This drawing contains several things. The very large disc is my version before I found the nice drawings. It’s scaled 100 times larger than the 1/25 scale part I was making. You do this with SU. It doesn’t like to draw arcs that are too small. The trick is you draw the begining of the job in the scale you want and turn it into a component. Then you copy it and enlarge it as many times and you think you need to get it to draw properly (typically 10 or 100X). You then open the copy and do all your drawing on it. Being a component, every thing you do to the big one is also happening to the small one (like magic). When you’re done, you just delete the big one and the perfect 1/25 scale version is sitting there with all the detail. It’s a SU quirk (no a bug, just a feature). While it doesn’t like doing the original drawing in a small size, it has no problem duplicating all those small curves that are done on the enlarged version.
If you look carefully you can also see tiny 1/25th scale parts, and the beautiful downloaded ventilated disc assemblies.
I had first loaded my version (without calipers) on the ChiTuBox Slicer, and then added all the new ones. I modified the holes in one style to conform to the front spindle part of the model.
I put all of the supports on manually. The Slicer shows you where any overhangs or islands would form by highlighting them in bright red. The brighter the red the more severe the overhang. I used mostly light supports, but placed a few medium ones in strategic locations.
Here’s the output.
Prints were successful, but the cross-sections were a little thin in some critical locations mainly how the hub ties into the surrounding flanges.
It’s nice that you can make out the ventilation ribs and cooling channels. After painting it will be interesting to see how well they look. After reinforcing the hub area with Bondic UV Curing Filler, I attached the kit’s steering knuckle. I also had to do some minor surgery on the spring pockets in the front end frame to accept my homemade springs. My springs were marginally fatter than the kit’s and needed some relieving to fit properly. Used the Dremel with Flexi-shaft and 1/16" carbide router.
While this all was printing, being cleaned or post-cured (about 2 hours), I did all the rest of the decals. It was a pitched battle that lasted until the very last one, but I prevailed. Next time this happens, I am definitely going to make my own decals. These were a royal pain in the butt. And the car has LOT of decals.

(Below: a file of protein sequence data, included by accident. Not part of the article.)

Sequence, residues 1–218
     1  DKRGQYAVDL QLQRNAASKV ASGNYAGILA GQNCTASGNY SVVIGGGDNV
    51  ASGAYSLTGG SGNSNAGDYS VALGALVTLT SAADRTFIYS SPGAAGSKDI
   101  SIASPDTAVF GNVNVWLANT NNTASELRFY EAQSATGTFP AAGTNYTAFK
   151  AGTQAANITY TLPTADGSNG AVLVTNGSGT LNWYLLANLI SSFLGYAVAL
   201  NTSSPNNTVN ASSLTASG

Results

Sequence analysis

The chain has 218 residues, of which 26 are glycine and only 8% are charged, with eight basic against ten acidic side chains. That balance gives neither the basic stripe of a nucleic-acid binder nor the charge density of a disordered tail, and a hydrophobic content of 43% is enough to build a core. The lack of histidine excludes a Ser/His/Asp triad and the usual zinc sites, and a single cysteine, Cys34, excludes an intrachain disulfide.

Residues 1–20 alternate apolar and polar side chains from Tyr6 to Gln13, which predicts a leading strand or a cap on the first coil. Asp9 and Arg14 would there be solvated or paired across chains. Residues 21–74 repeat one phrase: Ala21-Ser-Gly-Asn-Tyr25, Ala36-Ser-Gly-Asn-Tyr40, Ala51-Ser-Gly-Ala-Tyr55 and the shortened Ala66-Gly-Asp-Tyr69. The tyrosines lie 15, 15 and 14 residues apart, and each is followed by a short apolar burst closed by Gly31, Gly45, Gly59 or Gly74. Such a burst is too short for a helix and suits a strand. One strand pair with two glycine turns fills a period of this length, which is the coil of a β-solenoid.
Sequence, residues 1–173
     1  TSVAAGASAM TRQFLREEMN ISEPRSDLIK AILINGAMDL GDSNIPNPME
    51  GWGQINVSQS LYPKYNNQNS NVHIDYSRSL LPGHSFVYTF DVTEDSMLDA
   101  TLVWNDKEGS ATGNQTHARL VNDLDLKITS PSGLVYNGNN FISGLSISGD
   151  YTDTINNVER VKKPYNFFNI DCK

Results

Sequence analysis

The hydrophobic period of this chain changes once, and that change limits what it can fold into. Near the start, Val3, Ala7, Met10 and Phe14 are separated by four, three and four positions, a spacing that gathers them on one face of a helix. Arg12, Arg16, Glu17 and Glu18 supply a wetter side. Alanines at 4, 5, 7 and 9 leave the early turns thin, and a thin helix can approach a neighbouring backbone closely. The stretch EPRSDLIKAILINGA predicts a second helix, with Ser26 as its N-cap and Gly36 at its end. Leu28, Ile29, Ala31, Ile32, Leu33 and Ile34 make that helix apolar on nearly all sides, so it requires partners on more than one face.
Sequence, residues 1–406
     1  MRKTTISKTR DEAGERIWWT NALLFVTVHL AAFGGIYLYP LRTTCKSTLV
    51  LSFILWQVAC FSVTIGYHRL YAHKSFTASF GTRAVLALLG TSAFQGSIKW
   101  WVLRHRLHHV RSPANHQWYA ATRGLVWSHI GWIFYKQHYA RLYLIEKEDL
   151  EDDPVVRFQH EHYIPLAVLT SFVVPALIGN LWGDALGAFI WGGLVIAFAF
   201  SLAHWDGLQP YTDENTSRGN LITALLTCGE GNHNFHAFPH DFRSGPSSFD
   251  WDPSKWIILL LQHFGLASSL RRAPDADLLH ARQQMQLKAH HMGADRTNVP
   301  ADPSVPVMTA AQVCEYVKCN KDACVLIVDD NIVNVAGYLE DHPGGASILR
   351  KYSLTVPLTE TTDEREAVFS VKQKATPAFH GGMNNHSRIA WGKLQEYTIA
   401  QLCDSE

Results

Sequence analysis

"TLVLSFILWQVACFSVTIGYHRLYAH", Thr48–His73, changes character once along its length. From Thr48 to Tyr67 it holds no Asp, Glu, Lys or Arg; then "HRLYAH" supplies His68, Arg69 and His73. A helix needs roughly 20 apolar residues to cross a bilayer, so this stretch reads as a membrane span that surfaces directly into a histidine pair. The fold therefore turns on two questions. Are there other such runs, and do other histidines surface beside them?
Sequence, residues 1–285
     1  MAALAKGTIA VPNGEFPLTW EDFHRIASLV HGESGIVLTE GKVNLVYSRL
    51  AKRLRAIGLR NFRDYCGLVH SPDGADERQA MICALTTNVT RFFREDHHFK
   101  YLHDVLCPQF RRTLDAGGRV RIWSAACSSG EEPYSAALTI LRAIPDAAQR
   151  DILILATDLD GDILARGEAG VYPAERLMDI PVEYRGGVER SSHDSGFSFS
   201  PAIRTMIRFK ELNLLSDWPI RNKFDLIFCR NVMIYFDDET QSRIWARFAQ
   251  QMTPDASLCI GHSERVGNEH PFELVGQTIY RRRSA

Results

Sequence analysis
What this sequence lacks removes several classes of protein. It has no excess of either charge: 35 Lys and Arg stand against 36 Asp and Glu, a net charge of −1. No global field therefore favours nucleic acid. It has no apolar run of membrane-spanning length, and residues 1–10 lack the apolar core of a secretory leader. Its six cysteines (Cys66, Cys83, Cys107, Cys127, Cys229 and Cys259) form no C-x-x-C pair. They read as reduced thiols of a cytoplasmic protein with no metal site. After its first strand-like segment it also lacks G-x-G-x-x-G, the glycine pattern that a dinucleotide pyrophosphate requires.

One of the “OLDS” decals broke apart in the “door” pillar (in quotes because NASCAR doesn’t believe in doors.), the “Kodak” decal on the right side, and chunks of several other decals all over. The MicroSol Decal Coating did work.
Next session I will finish up the front end and the chassis will effectivley be finished.
Until next time.
I needed to reprint both front and rear brakes. The rears didn’t really fit and the fronts didn’t either, and were weak. I revised the drawings to beef up the center hub and changed how the rear brakes go onto the rear axle housing.
The rear brakes now slips nicely over the axle housing and the axle protrudes enough to hold the wheel.
However, the front brake, while being more robust, has the caliper in the wrong location and it fouls insertion of the spindle into the A-arms. Since the caliper is integral to the disc in my print, I had to go back to SketchUp and rotate the caliper to the 3:00 position. It’s on the machine now. Print takes about 1 hour 10 minutes. I’m printing at 30 microns per layer since it’s such as tiny part. At this resolution, the tiny vent holes in the disc’s surface actually are holes. When the printer is working well it’s just marvelous.
Here’s version 2 and the interference.
The beauty of building your own parts on your own printing system is the ability to do it over and over until you get it right. The downside of building your own parts is the ability to do it… you get the message. As usual, a blessing and a curse.
The new front discs are correct and really nice. I post-treated them (to finally harden the semi-hard UV resis), cleaned up the small amount of support debris and got them ready for the first coat of paint. I always remove supports before post-treat. After treating, the parts can be a little to brittle to take the shock of support removal and you can lose details.
My slight enlargement of the T-slot was just enough to let the steering knuckly fit wihout side pressure.
I painted the one side, let it dry enough to handle, flipped them and did the second size.
The paint was not fully dry in this image and is still hiding some of the nice surface detail. I’m letting them dry overnight before doing the next colors. I’m painting the hub part steel and the calipers bright red.
I’m trying a new chrome paint by Humbrel and it lives up to its reputation. It’s very bright and nearly as bright as the Molotow pen.
When I said that printing could resolve the cooling fins, I was not kidding. This is a detail that would be impossible by any other method including investment casting or resin molding. You couldn’t created mold that would have those internal details in a single part. They’re even curved as they would be on an actual disc.